Immigrant at Mesa Verde ICE detention center dies by suicide

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Mesa Verde Detention Center to remain open

BAKERSFIELD, Calif. — A 74-year-old man being held at the Mesa Verde detention facility died by suicide on Sunday, U.S. Immigration and Customs Enforcement confirmed today.

ICE said that South Korean man Choung Won Ahn — who had diabetes, hypertension and several heart-related issues — was found dead at around 9:52 p.m. Staff found Ahn unresponsive in his cell. Efforts to revive him were unsuccessful.

The preliminary cause of death appears to be self-inflicted strangulation, ICE said. However, the case is still under investigation.

“ICE appreciates consideration while details are confirmed and next of kin and other notifications are made. Additional information will be provided as it is available,” the agency said.

ICE said Ahn was lawfully admitted as a permanent resident to the United States in 1988. On June 25, 2013, the Superior Court of California convicted Ahn for the offense of attempted murder with an enhancement for using a firearm and sentenced him to 10 years in prison.

He entered ICE custody on Feb. 21 this year upon his release from Solano State Prison in Vacaville. and was taken to Mesa Verde.

In March, a group of attorneys made an urgent plea to ICE to release Ahn and others with serious pre-existing conditions because of the high probability they could contract COVID-19 while in detention.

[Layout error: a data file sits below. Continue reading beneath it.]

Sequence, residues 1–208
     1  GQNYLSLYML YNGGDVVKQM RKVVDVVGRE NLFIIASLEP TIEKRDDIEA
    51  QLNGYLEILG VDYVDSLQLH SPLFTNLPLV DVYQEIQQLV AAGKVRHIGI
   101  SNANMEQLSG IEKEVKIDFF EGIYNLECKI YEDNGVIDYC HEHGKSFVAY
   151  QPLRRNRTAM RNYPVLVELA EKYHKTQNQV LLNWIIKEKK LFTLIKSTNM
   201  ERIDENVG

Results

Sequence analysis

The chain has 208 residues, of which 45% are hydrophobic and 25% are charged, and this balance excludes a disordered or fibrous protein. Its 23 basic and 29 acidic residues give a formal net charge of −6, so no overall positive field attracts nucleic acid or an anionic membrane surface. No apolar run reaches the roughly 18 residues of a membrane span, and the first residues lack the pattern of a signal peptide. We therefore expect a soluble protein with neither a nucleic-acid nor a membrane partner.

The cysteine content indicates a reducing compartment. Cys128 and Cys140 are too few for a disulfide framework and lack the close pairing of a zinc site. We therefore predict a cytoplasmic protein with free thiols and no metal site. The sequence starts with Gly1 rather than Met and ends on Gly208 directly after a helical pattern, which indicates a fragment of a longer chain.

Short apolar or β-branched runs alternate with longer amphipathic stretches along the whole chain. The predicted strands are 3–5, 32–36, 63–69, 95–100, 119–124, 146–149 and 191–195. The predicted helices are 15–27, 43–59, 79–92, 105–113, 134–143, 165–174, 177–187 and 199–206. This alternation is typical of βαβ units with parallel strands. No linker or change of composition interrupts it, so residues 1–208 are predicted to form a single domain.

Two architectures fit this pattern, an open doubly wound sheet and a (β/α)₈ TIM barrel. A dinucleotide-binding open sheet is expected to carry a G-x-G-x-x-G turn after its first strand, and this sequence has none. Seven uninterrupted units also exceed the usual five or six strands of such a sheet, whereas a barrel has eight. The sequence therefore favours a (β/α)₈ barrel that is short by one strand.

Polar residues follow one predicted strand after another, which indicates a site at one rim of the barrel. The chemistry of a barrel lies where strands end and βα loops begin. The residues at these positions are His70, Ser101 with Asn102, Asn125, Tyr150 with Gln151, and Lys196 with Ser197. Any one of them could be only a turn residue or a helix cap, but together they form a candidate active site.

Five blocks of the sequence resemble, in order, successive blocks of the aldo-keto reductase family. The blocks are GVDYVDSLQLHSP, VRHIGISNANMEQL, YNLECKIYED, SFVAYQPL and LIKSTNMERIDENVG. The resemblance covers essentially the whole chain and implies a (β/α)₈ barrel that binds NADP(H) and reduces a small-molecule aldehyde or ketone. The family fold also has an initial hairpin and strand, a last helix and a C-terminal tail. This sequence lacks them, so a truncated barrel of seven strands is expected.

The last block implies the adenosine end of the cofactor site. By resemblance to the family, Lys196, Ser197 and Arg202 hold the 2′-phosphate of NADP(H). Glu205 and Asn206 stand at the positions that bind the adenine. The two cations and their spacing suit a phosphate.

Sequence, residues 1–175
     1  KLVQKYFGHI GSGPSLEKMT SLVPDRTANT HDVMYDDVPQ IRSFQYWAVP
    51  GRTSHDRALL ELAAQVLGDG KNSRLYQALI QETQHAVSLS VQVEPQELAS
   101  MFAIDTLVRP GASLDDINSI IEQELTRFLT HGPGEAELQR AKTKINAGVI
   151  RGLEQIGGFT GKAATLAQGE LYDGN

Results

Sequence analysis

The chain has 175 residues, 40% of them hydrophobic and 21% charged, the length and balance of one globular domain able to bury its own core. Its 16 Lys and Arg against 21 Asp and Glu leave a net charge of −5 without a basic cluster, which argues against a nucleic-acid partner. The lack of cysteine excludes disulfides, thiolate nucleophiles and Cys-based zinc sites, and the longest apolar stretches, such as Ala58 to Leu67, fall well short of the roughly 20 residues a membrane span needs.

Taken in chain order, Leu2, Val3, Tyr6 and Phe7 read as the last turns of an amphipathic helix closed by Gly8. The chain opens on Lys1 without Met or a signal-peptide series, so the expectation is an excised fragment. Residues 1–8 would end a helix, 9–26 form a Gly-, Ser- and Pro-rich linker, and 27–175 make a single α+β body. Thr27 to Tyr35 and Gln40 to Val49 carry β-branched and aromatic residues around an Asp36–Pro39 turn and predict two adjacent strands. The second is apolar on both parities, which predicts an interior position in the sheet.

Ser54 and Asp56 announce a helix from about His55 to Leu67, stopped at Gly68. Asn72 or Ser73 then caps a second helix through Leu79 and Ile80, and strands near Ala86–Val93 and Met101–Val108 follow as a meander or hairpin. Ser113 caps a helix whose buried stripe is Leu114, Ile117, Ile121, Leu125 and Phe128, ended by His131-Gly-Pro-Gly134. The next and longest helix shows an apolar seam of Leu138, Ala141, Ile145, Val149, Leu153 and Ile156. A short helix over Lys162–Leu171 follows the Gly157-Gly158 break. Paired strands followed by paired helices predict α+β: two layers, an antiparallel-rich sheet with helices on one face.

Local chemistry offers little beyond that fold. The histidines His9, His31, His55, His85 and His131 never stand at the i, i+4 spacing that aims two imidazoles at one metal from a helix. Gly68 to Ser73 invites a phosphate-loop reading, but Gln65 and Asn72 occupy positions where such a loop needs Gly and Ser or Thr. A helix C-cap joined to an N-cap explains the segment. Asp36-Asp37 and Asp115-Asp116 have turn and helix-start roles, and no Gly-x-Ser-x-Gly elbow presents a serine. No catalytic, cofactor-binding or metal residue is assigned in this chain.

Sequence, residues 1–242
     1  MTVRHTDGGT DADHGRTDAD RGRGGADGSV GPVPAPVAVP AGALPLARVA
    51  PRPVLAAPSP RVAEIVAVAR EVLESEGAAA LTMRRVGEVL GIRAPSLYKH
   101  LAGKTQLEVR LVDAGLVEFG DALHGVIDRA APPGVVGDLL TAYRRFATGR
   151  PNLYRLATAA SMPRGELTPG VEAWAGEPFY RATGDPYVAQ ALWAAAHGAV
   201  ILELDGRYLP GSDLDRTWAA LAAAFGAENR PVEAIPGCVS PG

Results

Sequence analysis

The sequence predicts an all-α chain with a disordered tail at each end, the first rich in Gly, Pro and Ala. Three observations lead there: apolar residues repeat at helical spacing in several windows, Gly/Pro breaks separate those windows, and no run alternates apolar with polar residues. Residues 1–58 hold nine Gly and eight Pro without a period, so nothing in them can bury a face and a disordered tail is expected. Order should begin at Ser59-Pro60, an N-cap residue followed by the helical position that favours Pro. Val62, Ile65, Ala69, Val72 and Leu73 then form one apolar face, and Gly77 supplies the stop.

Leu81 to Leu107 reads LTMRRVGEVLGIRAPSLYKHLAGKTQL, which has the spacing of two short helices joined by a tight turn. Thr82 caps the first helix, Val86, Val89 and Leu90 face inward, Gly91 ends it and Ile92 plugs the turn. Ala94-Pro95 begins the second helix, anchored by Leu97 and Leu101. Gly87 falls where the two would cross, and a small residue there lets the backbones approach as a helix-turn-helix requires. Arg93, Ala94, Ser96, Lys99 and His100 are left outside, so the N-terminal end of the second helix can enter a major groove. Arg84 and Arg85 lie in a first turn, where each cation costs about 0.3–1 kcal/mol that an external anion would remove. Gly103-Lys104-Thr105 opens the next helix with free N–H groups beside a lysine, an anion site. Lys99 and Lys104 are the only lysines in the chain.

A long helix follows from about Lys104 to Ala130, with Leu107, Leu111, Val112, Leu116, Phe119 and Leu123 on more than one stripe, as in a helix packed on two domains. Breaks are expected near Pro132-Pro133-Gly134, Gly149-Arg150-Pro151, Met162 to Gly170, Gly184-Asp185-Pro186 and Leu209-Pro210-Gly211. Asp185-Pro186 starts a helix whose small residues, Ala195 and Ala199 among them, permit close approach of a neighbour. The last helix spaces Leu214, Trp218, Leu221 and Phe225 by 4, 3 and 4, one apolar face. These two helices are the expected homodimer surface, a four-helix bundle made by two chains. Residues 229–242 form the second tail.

“The risk of contracting COVID-19 in congregate settings is very high,” Jordan Wells, staff attorney with the American Civil Liberties Union Foundation of Southern California, said in a March letter to ICE. “Despite an overwhelming consensus of public health experts…you have failed to release people like a 74-year-old man with chronic respiratory problems.”

The ACLU said Ahn’s pleas to be released were rejected by U.S. Immigration and Customs Enforcement. The U.S. District Court of the Northern California District of California denied Ahn’s request for bail on May 13, according to ICE.

“We are processing, and we are very emotionally upset,” said Ahn’s brother, Young Ahn. “We are angry. He did not deserve to be treated this way. He’s a human being, but to them, he’s just a number. There are other people in the same situation. It shouldn’t be happening again.”

Over the past month, a group of detainees with serious health problems have been released in response to a lawsuit filed by the San Francisco Public Defender’s Office, the ACLU Foundations of Northern California and Southern California, the Lawyers’ Committee for Civil Rights (LCCR) of the San Francisco Bay Area, and the law firms of Lakin & Wille LLP and Cooley LLP.

“We are deeply saddened by Mr. Ahn’s death,” said Manohar Raju, the San Francisco Public Defender. “Mr. Ahn was particularly medically vulnerable and should have been released by ICE to his family, particularly given the grave risks of COVID in ICE detention centers. ICE must stop hiding behind their ‘business as usual’ approach to mass detention.”

Eunice Cho, senior staff attorney with the ACLU National Prison Project, said suicides in ICE detention centers had been rising even before COVID-19 struck.

“This tragedy was senseless and preventable,” she said. “Make no mistake: ICE and the administration are responsible for this death. No one should be held in civil detention during a pandemic.”

ICE said that fatalities in its custody are very rare and occur at a fraction of the national average for the U.S. detained population.

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